As I said an advisory referendum should only be one input into the decision which should be taken by Parliament not something which overrides reasoned debate in Parliament because it is "the will of the people".**

* I wouldn't have liked it unless Parliament then presented a very good case - which at the moment I cannot see - why leaving was preferable.


** The situation currently unfortunately is that reasoned debate in Parliament appears to be being overridden by this bogus "will of the people" resulting from an advisory referendum with only a fairly marginal win for the leave side. Which has led May into going for a hard brexit which wasn't what all of those who voted leave expected (as evidence of that we have the opinions of a couple of leave voting posters on this board plus bloggers such as Peter North and his colleagues who promoted the Flexcit option for brexit.)

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Re: A new referendum may be a constitutional requirement

#124579

Postby Lootman » March 13th, 2018, 4:30 pm

ursaminortaur wrote: this is a representative democracy and the position despite the referendum result being in favour of staying, had been agreed by a vote in Parliament then I'd accept it.

As I said an advisory referendum should only be one input into the decision which should be taken by Parliament not something which overrides reasoned debate in Parliament because it is "the will of the people".**

If we have a referendum then the working assumption is that the result is binding on politicians. Otherwise it is just a glorified public opinion poll.

It would be an outrage if the Leave result were simply ignored because a majority of MPs decide they don't like the outcome. That is why both May and Corbyn changed their position to support leaving. I don't like either of them but they showed there a profound respect for the will of the people (something you appear to dismiss simply because you personally disagree with it). You are really arguing that the voters are stupid and therefore should be ignored, and that is dangerous talk in a democracy.

More generally I would prefer it if MPs listen to the people more rather than seek to impose their own views on the rest of us. They should talk less and listen more.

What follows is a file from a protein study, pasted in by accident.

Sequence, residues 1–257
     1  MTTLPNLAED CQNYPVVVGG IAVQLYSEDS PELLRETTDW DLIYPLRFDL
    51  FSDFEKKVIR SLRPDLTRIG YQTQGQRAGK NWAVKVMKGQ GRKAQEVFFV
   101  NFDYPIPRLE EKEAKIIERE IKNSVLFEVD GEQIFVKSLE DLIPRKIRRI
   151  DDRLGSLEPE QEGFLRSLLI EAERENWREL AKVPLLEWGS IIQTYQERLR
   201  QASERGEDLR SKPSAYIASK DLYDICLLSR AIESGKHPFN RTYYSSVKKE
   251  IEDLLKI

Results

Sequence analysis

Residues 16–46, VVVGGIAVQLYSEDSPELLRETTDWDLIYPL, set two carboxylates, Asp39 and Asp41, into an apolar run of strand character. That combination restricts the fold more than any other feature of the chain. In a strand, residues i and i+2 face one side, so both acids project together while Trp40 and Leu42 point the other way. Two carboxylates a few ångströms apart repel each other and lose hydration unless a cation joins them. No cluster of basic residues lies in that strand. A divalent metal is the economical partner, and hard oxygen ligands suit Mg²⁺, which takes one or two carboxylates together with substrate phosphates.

To the other point I was simply expressing the result in terms that show it was not "close" in any of senses of that word that apply to elections. 13 to 12 is a clear margin of victory. More significant is that Leave won despite both all parties except UKIP campaigning to Remain. Imagine the result if the Tories, Labour, LibDems and the SNP had all campaigned to Leave? It would have been a landslide.

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Re: A new referendum may be a constitutional requirement

#124592

Postby BobbyD » March 13th, 2018, 5:29 pm

Lootman wrote:[
If we have a referendum then the working assumption is that the result is binding on politicians. Otherwise it is just a glorified public opinion poll. .


Not glorified, just an opinion poll as anybody with a basic knowledge of the law, or the slightest interest in the consequences of the referendum would have known.

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Re: A new referendum may be a constitutional requirement

#124594

Postby ursaminortaur » March 13th, 2018, 5:30 pm

Lootman wrote:
ursaminortaur wrote: this is a representative democracy and the position despite the referendum result being in favour of staying, had been agreed by a vote in Parliament then I'd accept it.

As I said an advisory referendum should only be one input into the decision which should be taken by Parliament not something which overrides reasoned debate in Parliament because it is "the will of the people".**